Summary: The Lindstedt-Poincaré technique in perturbation theory is used to calculate periodic orbits of perturbed differential equations. It uses a nearby periodic orbit of the unperturbed differential equation as the first approximation.
We derive a numerical algorithm based upon this technique for computing periodic orbits of dynamical systems. The algorithm, unlike the Lindstedt-Poincaré technique, does not require the dynamical system to be a small perturbation of a solvable differential equation. This makes it more broadly applicable.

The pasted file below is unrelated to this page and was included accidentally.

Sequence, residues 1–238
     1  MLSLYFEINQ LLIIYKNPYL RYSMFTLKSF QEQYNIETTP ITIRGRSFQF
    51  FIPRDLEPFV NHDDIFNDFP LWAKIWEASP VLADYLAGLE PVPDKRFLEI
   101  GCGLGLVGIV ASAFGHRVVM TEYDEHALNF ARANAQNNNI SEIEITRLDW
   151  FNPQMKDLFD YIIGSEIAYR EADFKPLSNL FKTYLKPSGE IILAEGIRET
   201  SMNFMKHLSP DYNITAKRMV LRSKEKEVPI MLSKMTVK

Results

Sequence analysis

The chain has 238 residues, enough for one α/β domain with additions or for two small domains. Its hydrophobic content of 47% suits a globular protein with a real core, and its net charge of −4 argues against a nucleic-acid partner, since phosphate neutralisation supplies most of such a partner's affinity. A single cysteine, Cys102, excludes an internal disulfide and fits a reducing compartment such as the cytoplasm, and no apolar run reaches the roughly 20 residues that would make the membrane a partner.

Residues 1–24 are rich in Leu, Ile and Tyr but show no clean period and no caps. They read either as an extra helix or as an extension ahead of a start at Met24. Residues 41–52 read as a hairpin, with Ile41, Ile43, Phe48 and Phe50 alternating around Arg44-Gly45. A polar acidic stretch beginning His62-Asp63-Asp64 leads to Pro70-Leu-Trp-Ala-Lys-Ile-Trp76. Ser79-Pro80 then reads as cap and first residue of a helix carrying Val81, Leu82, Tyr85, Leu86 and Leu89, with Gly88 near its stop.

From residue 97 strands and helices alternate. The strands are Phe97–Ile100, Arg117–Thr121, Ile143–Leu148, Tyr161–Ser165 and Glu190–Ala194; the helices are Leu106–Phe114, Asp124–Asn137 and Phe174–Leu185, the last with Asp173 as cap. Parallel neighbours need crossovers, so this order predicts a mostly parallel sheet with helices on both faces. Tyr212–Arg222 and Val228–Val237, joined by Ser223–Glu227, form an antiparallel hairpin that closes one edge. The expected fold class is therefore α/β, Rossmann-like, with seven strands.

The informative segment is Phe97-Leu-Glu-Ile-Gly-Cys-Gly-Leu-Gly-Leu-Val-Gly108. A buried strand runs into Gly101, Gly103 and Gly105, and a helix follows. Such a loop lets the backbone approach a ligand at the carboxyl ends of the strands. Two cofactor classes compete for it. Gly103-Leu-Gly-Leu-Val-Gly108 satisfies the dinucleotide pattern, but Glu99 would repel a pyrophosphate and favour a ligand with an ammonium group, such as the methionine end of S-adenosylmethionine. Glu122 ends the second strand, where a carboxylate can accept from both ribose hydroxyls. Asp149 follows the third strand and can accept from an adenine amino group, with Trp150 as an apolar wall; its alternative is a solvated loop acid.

The algorithm is quadratically convergent. It works with equal facility, as examples show, irrespective of whether the periodic orbit is attracting, or repelling, or a saddle. One of the examples presents what is possibly the most accurate computation of Hill’s orbit of lunation since its justly celebrated discovery in 1878.